Stenosis of the tracheostoma following laryngectomy is not an infrequent complication. It may occur immediately after the operation, or it may develop years later. The stenosis, especially with the addition of crusting, can lead to an emergency situation, and can, on occasion, result in asphyxia.
Careful construction of the stoma, oblique transection of the trachea, and removal of excessive fat and skin reduce the incidence of stenosis. In addition to the above, I feel that early omission of the tracheostomy tube (i.e., on the fifth to seventh postoperative day) is of value. Common causes of stenosis are: (1) excessive scar tissue (usually as a result of postoperative infection or fistula formulation); (2) keloid formation; (3) excessive fat around the stoma; (4) defec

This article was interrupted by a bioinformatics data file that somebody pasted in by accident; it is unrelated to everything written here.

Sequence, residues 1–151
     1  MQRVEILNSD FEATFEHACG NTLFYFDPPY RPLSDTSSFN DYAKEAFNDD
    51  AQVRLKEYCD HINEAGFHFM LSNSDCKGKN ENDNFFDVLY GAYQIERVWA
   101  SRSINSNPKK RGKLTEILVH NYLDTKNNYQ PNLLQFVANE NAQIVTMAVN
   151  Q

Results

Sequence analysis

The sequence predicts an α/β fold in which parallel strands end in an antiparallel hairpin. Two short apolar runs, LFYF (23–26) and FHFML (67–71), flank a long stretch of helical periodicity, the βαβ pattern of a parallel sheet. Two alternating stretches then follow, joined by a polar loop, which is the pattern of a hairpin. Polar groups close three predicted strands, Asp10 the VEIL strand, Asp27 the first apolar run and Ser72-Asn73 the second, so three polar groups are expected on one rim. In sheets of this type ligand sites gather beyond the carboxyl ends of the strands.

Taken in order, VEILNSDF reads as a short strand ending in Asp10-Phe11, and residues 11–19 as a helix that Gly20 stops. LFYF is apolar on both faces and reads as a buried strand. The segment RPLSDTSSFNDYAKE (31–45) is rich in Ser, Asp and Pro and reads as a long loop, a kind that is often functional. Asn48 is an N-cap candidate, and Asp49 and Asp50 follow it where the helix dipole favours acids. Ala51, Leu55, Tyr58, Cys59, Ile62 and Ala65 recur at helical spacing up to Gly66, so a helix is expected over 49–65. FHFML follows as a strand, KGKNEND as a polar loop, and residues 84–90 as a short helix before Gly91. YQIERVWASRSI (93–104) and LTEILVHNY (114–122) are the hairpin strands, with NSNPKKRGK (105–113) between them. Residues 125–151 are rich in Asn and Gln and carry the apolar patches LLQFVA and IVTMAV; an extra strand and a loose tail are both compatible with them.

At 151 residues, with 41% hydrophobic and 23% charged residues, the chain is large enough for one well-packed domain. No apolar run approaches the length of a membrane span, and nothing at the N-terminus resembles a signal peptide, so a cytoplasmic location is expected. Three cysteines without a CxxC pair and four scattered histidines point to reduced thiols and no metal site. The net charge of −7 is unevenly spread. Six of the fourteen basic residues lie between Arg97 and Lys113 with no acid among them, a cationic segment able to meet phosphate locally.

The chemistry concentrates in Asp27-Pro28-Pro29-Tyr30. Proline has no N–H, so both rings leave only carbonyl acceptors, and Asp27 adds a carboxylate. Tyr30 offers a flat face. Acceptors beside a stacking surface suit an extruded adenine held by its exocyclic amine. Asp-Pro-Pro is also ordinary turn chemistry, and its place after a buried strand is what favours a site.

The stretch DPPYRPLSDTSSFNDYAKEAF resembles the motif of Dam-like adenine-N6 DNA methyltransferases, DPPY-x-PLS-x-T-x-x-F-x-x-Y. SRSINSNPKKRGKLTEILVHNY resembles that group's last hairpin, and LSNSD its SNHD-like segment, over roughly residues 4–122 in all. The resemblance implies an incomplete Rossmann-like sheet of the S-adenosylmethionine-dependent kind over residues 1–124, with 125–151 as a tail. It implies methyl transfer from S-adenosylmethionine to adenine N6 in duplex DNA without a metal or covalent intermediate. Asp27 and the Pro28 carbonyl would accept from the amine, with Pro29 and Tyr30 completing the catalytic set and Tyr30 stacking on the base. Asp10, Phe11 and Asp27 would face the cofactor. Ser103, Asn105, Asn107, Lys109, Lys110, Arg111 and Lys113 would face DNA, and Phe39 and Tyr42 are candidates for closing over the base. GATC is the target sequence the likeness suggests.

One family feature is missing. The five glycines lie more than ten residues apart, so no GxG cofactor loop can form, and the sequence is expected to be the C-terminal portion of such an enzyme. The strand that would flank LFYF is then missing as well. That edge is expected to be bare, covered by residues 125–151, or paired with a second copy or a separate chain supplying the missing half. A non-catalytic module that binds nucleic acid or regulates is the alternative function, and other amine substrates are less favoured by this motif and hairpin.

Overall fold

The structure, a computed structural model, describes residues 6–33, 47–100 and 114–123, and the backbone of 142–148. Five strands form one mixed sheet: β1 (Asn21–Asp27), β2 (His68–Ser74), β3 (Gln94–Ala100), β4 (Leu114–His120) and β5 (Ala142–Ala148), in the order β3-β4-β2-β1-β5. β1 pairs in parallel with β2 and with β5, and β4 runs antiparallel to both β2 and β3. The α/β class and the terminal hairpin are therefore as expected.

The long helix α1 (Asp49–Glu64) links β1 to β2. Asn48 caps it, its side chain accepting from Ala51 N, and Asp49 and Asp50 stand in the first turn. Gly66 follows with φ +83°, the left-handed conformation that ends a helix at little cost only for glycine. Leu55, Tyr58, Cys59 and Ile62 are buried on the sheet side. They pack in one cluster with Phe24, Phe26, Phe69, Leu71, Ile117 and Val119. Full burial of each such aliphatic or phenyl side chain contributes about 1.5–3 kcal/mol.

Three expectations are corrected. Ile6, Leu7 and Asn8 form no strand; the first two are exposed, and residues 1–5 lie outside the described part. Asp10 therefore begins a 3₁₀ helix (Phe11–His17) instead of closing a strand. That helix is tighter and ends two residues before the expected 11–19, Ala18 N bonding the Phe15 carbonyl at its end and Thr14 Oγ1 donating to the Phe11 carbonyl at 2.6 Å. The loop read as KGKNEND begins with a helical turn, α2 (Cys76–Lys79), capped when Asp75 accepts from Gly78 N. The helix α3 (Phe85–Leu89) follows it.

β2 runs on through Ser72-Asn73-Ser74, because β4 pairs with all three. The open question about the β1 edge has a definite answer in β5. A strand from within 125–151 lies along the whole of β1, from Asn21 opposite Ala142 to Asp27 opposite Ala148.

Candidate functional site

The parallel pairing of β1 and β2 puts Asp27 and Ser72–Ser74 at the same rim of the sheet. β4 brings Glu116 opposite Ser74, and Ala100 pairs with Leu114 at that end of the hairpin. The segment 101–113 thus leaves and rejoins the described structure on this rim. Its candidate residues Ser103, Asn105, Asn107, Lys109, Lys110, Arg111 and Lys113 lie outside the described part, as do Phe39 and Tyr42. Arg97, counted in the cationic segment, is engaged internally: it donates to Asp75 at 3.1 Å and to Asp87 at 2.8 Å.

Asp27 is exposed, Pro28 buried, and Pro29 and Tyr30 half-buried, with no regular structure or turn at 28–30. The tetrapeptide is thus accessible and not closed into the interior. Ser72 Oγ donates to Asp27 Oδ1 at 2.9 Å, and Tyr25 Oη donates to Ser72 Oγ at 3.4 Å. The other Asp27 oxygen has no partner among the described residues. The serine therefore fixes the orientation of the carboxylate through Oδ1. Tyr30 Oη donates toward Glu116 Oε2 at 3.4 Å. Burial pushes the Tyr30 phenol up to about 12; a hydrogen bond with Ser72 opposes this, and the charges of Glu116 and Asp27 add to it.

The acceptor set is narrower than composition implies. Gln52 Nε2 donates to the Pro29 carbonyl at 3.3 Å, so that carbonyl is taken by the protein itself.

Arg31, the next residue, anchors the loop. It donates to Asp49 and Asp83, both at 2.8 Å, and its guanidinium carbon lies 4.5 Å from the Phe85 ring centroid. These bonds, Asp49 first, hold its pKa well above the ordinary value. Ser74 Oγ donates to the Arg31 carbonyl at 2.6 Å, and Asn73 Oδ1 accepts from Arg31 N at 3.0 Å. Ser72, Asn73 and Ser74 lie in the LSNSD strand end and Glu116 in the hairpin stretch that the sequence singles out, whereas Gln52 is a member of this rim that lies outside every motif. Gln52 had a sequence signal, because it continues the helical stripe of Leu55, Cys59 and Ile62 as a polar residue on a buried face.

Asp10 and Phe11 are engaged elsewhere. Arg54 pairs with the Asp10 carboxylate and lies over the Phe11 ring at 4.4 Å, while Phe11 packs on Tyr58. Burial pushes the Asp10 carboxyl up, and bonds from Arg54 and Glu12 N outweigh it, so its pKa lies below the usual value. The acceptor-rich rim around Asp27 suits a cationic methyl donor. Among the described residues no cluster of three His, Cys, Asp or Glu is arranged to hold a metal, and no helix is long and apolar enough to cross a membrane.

Fig. 1. A, skin flaps are elevated on each side of the stenosed stoma. B, scar tissue and fat are excised around the stomal orifice. C, if necessary,
MONTGOMERY WW. Stenosis of Tracheostoma. Arch Otolaryngol. 1962;75(1):62–65. doi:10.1001/archotol.1962.00740040066005